Listen to the singing of these little ones.. So sweet, enchanting, melodious and filled with such simplicity!

These children probably don’t even realize how melodious their singing is. Without having distorted expressions they are performing such trivial compositions, delivering which will be a task even for a seasoned musician! Who is responsible for these wonderful voices? Who is nurturing them, nourishing their minds with notes of music? The answer is Pandit Ajoy Chakrabarty.

If one has to introduce him briefly then it can be said-

He belonged to the Patiala gharana; he sings in the style of Bade Ghulam Ali Khan sahab; a renowned name; keeps touring around the world as. But Ajoy Chakrabarty’s introduction is not that simple. The musician inside him is much bigger than any of his contemporaries. As a student, master and promoter of music, his aura is tremendous. His achievements are such that it is difficult to

First of all look at him as a student of music. Ajoy Chakrabarty learnt the Patiala, Delhi, Jaipur, Gwalior, Agra and Kirana styles of music. His first guru (or teacher) was his father, Pandit Ajit Chakrabarty, who only had one dream- that his son becomes a renowned singer. Ajoy Chakrabarty himself says that as a child he had no choice. He had to be a singer. After learning from his father, he learnt from Pannalal Samant, Kanaidas Bairagi, guru Jnan Prakash Ghosh, Ustad Bade Ghulam Ali Khan’s son Ustad Munavvar Ali Khan, Latafat Hussain Khan, Pandit Nivrittibua Sarnaik and Vidushi Hirabai Badodkar. You may find other musicians who have taken training from many teachers but Ajoy Chakrabarty is probably the only one who, after mastering the north Indian classical music, set out to learn Karnatak music also. Karnatak music or south Indian classical music is also Indian music only. But people who like north Indian music usually are not interested in Karnatak music. Or you could say that most people are not able to develop an intellect to understand it so as to develop a taste for it. The truth is that as compared to north Indian classical music, south Indian classical music is far more difficult. The andolan, khatke and laykari in south Indian classical music is so complex that it becomes easy to pick up north Indian music for those who have learnt Karnatak music. So to understand Karnatak music and with determination to master it, Ajoy Chakrabarty became the disciple of Pandit Balmurlikrishna. He is learning from him even today. With this guru he has given many duet performances also.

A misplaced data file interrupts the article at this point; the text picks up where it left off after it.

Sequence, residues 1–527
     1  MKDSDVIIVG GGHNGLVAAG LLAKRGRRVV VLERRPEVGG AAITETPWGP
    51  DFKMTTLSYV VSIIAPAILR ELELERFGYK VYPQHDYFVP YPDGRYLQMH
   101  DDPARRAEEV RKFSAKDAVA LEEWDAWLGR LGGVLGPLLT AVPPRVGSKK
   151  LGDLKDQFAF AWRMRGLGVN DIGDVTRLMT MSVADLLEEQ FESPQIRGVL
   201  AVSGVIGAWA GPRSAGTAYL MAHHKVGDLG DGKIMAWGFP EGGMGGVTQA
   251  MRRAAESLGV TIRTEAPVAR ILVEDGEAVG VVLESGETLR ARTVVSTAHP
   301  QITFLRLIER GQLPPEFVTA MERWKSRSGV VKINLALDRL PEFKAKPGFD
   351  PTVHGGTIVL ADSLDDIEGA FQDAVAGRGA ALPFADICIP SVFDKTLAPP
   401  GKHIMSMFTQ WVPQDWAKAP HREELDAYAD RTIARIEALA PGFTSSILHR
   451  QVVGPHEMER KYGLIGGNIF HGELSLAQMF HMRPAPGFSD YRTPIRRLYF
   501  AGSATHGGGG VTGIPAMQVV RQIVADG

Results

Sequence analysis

Now look at the level of Ajoy Chakrabarty as a guru. He was the first scholar from the ITC Sangeet Research Academy, an academy that has given us great singers like Rashid Khan. This was in 1977-78. There, after proving his skills, he gradually rose from a student to the position of a teacher and started teaching music in Sangeet Research Academy only. ITC Sangeet Research Academy (http://www.itcsra.com/) is ranked among the top institutions not just in India but all over the world. There, following the guru shishya or the teacher-student tradition, music is taught maintaining high discipline. Students are scrutinized and selected only after they have cleared difficult tests. It is said that in classical music artists don’t come from institutions; artists come either from gharanas or from families of musicians. But the Sangeet Research Academy is an exception in this context. This academy has given many great scholars, one better than the other, who are doing well and performing all over the world. Ajoy Chakrabarty can also be counted among them. Ajoy Chakrabarty was one of the senior professors at the Sangeet Research Academy. But his guru Jnan Prakash Ghosh inspired him to start his own music school. This is how Shrutinandan (http://www.shrutinandan.org/) was established.